Challenges and successes in reaching remote communities in South Sudan affected by lymphatic filariasis, a debilitating NTD that affects around 40 million people worldwide.
Lymphatic filariasis (LF) is a parasitic infection caused by thread-like worms that enter the human lymph system through mosquito bites. If not treated, the painful and disfiguring manifestations of the disease, lymphoedema (swelling in the arms or legs), and hydrocoele (swelling of the scrotum) occur later in life and can lead to permanent disability. Affected persons are not only physically disabled but often also carry a mental burden, experience social exclusion, and suffer economic losses.
Approximately 40 million people worldwide suffer from manifestations of LF including lymphedema, and hydrocele. Timely treatment not only protects endemic communities from the disease but also reduces parasitic infections in the bodies of those already affected.
The WHO-recommended strategy to address the suffering caused by LF includes:
Mass drug administration
Surgery for hydrocoele,
Treatment for episodes of adenolymphangitis (ADL) and
Management of lymphoedema to prevent both the progression of the disease and episodes of ADL for every person with lymphedema or hydrocele available in all areas where LF is endemic.
John Muthesi, a 34-year-old farmer from Bahr ulo, Maridi County in Western Equatoria state, South Sudan has been suffering from hydrocele since 2015. Living in a remote area with limited access to healthcare, John felt helpless, attributing his condition to a curse, or perhaps stepping on a poisonous substance. This disabling symptom not only hindered his social life but also impeded his ability to engage in economic activities.
Launch of the LF MMDP Project
In collaboration with the Ministry of Health (MOH), CBM together with partners including, AMREF, CUAMM, and ONO AID, launched the Lymphatic Filariasis Morbidity and Disability Prevention (LFMMDP) project aimed at combating the disabling effects of lymphatic filariasis (LF) in South Sudan. The initiative brought together a diverse group of stakeholders, including local chiefs, religious leaders, health officials, administration officers, NGOs, and community members, setting the stage for collaborative action.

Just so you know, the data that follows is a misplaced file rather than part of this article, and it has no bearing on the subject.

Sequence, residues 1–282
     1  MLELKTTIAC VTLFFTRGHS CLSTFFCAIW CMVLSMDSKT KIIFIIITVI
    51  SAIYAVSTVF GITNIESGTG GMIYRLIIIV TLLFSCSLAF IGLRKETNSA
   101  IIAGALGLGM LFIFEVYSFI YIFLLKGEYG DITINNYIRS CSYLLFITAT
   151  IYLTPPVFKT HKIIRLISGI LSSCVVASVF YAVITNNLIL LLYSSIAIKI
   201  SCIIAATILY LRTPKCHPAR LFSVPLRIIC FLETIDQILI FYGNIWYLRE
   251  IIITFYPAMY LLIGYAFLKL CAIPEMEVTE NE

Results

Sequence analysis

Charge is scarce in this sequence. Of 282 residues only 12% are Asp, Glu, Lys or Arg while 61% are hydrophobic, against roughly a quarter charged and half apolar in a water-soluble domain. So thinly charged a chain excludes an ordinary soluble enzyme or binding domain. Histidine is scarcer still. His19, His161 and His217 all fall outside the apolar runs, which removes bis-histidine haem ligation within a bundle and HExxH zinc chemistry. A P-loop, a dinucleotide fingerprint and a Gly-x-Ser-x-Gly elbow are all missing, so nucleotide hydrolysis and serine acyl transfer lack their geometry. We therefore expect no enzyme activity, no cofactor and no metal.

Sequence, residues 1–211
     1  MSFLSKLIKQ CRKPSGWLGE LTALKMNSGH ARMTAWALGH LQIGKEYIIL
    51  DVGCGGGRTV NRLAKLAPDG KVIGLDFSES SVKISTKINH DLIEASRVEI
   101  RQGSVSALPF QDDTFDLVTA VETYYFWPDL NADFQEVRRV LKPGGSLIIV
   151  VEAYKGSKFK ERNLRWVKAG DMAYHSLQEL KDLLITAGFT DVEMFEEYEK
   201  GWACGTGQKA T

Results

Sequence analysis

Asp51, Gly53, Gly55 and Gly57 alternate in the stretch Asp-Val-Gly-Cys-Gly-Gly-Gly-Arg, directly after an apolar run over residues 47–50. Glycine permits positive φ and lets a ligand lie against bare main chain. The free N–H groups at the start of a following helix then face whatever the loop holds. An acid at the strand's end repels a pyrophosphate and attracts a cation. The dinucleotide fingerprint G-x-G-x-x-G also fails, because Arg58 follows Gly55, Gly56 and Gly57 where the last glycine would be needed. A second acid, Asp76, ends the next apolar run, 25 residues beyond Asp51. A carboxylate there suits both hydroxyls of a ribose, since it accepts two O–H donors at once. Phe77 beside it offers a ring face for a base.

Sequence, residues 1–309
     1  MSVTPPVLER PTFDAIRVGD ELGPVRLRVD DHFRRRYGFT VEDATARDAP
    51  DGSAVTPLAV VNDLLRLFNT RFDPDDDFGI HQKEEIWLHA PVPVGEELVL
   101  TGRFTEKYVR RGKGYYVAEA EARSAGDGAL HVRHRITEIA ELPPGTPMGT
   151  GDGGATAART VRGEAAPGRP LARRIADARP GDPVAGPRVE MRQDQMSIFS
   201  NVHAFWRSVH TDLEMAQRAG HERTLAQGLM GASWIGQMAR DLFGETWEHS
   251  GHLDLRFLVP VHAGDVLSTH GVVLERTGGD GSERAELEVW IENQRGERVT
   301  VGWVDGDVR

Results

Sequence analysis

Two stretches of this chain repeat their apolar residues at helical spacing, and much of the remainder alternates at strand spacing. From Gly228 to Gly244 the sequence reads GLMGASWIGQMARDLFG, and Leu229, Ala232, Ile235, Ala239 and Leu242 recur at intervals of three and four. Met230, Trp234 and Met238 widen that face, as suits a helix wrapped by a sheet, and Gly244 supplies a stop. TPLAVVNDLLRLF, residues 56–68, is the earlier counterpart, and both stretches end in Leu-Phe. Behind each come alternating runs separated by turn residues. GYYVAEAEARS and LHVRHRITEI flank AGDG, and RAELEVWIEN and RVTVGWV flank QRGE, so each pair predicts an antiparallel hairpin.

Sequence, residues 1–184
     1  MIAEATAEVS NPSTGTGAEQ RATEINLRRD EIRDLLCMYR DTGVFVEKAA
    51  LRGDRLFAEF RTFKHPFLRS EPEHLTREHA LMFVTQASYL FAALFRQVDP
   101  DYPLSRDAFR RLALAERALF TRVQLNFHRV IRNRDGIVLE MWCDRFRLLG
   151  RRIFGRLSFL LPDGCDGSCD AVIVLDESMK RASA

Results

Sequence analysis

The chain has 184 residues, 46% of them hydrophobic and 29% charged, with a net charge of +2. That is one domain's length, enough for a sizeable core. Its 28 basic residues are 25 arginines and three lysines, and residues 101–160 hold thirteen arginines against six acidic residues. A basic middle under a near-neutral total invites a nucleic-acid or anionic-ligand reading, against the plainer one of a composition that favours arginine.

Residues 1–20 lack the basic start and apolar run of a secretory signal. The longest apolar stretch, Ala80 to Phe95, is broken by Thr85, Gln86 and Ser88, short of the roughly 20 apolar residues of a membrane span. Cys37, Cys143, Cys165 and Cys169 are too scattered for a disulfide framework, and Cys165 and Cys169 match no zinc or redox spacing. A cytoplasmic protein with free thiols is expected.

The project's objective is clear: to contribute to the elimination of lymphatic filariasis and increase access to lymphedema and hydrocele patient care for affected community members in four targeted counties — Maridi, Ibba, Mundri East, and Mundri West in Western Equatoria state as the initial stage of a countrywide programme. In the context of South Sudan, the project encountered some challenges including poor infrastructure, limited hospital capacity, poor road networks, weak communication networks, and limited resources for mobilization and awareness raising in affected communities. Yet, the project successfully identified and provided surgeries to affected persons and delivered a minimum package of care to an estimated 63 community members experiencing lymphedema across the four districts. This is a major advancement in our efforts to reduce suffering and stigma from lymphatic filariasis-related disabilities.
Key activities of the LF MMDP project included the development of training materials for hydrocele surgeries and lymphedema patient care, social mobilization, training of health workers and community members on lymphedema management, training of surgical teams, identification of affected persons, distribution of self-care hygiene kits to affected persons, surgery to hydrocele patients, and establishment of supportive supervision systems. These activities contributed to the strengthening of existing health systems for the provision of LF MMDP services.
John, who heard the news of the free surgical services for people affected by hydrocele from the chief of his village, was one such participant in the project. Bracing the challenge of the poor roads, John made it to the neighboring village where he received free surgical treatment.
John can now move freely within his village, participate in cultural events, fulfill social duties and economic activities he had long set aside.
I am so glad that the ministry and its partners thought of us; now they have corrected my body. I can move freely in my community and participate freely in cultural events. I promised myself that after recovery, I will dance to compensate for the years I was unable to dance.John Muthesi, community member who participated in the LF MMDP project.
A Sustainable Approach for Health System Strengthening
A primary objective of the project is to support the MOH efforts to strengthen the health system at the community level by increasing the capacity and access to hard-to-reach community members and training community health workers, who provide a first line of primary healthcare. In addition, the MOH launched the One Health agenda, fostering collaboration with various stakeholders. This inclusive approach involves partnering with other ministries, existing programmes, and the private sector, providing the opportunity for community members who have received surgical treatment in Western Equatoria state to be connected to other services, such as livelihood programmes, to enhance their overall well-being.
Plans are underway to expand LF-MMDP to the remaining six counties of Western Equatoria state in 2024, marking a significant step forward in our mission to reduce suffering and stigma from NTDs like lymphatic filariasis n South Sudan.